Painting near white chair

The focal point is near my brush(above photo). To draw the eye,  I’ll keep the chair white, placing complementary colors red and green/blue next to the white chair.  The darkest darks of the painting will be behind the chair, to make it POP.   This is also where I’ll add the most detail to the painting.

You can see the texture of the gesso impressions after painting.  Pretty cool, huh?


Detail of texture around the wisteria plant on the shed

Here is a detail of the texture of the underlying tracing paper adhered to the plexiglass in this photo. Ooooo…I love this stuff!


Texture detail of background trees, grass, and foreground chair

You can see how easy it is to paint the chairs and background without worrying saving the whites of the chair arms.

Removing the Frisket:

(Okay, okay…this is hilarious.  I decided, per suggestion of a very nice fellow blogger, to upload some videos to my blog, using YouTube.  I’ve never done this before.  It was pretty easy, but I thought I had removed the background music.  Didn’t.  And it is loud, so you can’t hear what I’m saying!)  Also, I was soon made aware that the video needs to be in landscape mode, not portrait.  Good grief.  What a goof I am.  Removing frisket video here. I promise to improve…REALLY!

Removing liquid mask from the surface of the painting

Removing liquid mask from the surface of the painting

I spent about an hour or so going over each and every removed-frisket area to soften and enhance the arm chair lines.  It took a while, but was worth the work.  The chairs look finished and have shadows and detail.

Gatherings almost done

Gatherings…almost done

You might be able to see how much softer the lines are in the chairs.

Check out this texture from tracing paper beneath the paint:


And on the shed behind the chairs:


I had to rework the wisteria area.  Difficult to explain what you want the viewer to see without explaining it all.  I’m still not certain I’ll stay out of the wisteria bush.  Feels weird to me, but I’m not sure what is wrong with it.

Gatherings. 21x30 watercolor on plexiglass

Gatherings. Watercolor on plexiglass, 21×30

So, video snafu aside, I’m overall pretty pleased with the outcome of the painting.  I usually paint close-up, zoom-in-on-detail-type-paintings, but this was a fun departure. I love the chairs.  I’m off to Portland next week, to check out the Saturday Markets and other fun stuff they have.  Looking forward to some new material to paint to inspire you all!!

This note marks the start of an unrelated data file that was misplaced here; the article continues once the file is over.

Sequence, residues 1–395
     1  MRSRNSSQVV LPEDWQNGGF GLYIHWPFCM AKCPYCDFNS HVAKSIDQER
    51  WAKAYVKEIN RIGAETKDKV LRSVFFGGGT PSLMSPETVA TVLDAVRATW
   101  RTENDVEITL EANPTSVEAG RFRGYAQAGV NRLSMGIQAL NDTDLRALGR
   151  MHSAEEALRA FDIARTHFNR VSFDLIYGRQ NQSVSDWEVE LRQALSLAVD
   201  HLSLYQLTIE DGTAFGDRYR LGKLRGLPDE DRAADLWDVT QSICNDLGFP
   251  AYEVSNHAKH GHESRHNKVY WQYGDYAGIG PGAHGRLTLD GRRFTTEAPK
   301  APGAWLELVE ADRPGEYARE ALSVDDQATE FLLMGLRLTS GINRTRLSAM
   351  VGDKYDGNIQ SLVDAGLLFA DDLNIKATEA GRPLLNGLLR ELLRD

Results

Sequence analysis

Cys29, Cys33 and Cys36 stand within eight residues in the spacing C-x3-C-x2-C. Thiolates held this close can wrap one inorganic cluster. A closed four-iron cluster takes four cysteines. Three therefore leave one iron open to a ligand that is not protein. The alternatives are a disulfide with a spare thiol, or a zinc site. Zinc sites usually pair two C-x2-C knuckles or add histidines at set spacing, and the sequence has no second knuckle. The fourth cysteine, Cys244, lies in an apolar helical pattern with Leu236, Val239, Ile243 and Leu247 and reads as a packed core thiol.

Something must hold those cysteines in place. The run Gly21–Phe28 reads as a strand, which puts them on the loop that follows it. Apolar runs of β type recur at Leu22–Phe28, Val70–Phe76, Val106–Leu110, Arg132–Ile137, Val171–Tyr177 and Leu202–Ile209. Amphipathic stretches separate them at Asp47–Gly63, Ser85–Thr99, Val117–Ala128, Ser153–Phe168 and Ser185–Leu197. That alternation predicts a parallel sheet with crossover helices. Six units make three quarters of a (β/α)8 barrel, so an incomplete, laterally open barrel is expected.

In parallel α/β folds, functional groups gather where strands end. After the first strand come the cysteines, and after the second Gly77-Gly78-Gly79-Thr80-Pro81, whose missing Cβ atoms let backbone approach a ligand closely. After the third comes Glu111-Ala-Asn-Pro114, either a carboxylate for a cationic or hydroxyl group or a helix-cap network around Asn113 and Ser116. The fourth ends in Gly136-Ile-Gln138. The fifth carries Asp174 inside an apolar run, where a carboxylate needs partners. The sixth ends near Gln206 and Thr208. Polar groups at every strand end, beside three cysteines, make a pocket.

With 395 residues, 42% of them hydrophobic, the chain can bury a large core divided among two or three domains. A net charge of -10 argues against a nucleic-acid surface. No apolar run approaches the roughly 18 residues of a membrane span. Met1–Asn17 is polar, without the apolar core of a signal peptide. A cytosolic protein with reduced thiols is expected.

I have a thing…with string.

Or I do, at least, in my new painting.  Flashback: It all began with a simple photo of radishes at Pike’s Place Market in Seattle.  A HUGE batch of super-red, stacked radishes, that is. Bountiful, and bursting forth with string-like roots snaking every which direction. Argh!  I’m having an aesthetic fit!!  Calm down, now, Beastie.  Hmmm…the radish roots seem very string-like, me thinks.  How about some thread, adhered to the surface of the plexiglass, echoing the stringy-roots?  And, because sheet music’s grid-like structure could add contrast to the circular radish forms, I’ll add it to the background (though I somewhat regret that later).

After 2 weeks of non-posting(C’mon, Sarah, get it togetha! You made a promise to yourself to paint a painting and post about it weekly!  Sheesh! What can I say, I spent time with my boys and my husband at the Oregon Coast. No posting…but you all were in my mind the whole time.  Really!), I set out to begin the task of strings and radishes singing a tune on plexi.

Here is how the painting came about:

A detail showing squares of sheet music and string adhered to the surface of the plexiglass

A detail showing squares of sheet music and string adhered to the surface of the plexiglass

Moving ahead with my initial ideas, I gessoed over the sheet music and the string and drew in the composition.  In my photo, the composition was somewhat split in half in the top, where the 75 cent sign was; a big no-no in the rules of composition.  I added another sign above and slightly to the left to shift the weight to the left.